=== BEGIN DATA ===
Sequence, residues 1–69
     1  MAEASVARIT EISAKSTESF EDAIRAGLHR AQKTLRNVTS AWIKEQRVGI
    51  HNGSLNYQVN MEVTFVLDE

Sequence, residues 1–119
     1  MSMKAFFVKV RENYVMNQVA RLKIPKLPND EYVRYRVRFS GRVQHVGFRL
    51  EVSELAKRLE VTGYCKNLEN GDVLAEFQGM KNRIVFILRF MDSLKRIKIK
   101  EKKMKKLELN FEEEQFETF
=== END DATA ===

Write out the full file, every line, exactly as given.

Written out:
Sequence, residues 1–69
     1  MAEASVARIT EISAKSTESF EDAIRAGLHR AQKTLRNVTS AWIKEQRVGI
    51  HNGSLNYQVN MEVTFVLDE

Sequence, residues 1–119
     1  MSMKAFFVKV RENYVMNQVA RLKIPKLPND EYVRYRVRFS GRVQHVGFRL
    51  EVSELAKRLE VTGYCKNLEN GDVLAEFQGM KNRIVFILRF MDSLKRIKIK
   101  EKKMKKLELN FEEEQFETF